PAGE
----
Detected subcutaneous biological growths, masses, etc. once identified generally require complete surgical excision or at the very least an open biopsy procedure.
Small masses such as calcifications encountered in breast tissue are generally removed in their entirety. The process of excising the mass is an invasive process, performed either during exploratory surgery or utilizing specifically designed surgical apparatus. The retrieved specimen is subsequently pathologically analyzed to determine its biological properties, i.e. benign or malignant.
Several types of apparatus are known for use in removing portions of subcutaneous masses in breast tissue targeted by these imaging techniques. However, these apparatus generally either obtain only small tissue specimens from the main mass or cause significant surface scarring due to the size of the incision necessary to remove the mass with a safe resection margin.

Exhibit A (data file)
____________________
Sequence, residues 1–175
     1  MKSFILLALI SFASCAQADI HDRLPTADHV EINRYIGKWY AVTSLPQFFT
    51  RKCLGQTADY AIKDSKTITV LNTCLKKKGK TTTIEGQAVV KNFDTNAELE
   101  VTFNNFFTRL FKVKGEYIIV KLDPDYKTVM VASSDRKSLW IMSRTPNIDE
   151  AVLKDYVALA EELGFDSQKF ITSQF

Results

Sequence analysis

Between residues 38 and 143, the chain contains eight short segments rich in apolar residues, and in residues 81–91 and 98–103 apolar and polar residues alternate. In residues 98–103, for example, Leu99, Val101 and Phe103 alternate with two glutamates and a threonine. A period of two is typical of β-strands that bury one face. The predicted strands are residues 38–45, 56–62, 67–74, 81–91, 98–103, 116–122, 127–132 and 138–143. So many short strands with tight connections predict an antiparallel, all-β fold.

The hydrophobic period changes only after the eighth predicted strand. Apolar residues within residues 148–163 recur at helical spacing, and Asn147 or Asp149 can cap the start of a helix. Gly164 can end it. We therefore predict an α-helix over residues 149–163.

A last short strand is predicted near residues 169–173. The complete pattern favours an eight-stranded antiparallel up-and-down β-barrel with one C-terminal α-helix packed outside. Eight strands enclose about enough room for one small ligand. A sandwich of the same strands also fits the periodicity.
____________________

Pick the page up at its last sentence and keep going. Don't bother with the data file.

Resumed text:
One type of specimen retrieval is performed with needle aspiration devices. These devices have a needle with an end hole. The needle is advanced to a desired location where a sample specimen is obtained via suction. Size and quality of specimens obtained by these devices are often poor, requiring multiple sampling of each desired target mass. Moreover, tissue encountered along the path to the desired location is unavoidably removed. A hollow channel is created upon withdrawal of the device from the patient, thereby allowing “seeding” of the hollow channel removal tract with abnormal cells. Some needle systems utilize an enlarged needle end hole, creating a boring probe which obtains a greater portion of tissue. This lessens the likelihood that the specimen will be too small but increases the amount of surface scarring due to the larger size incision required.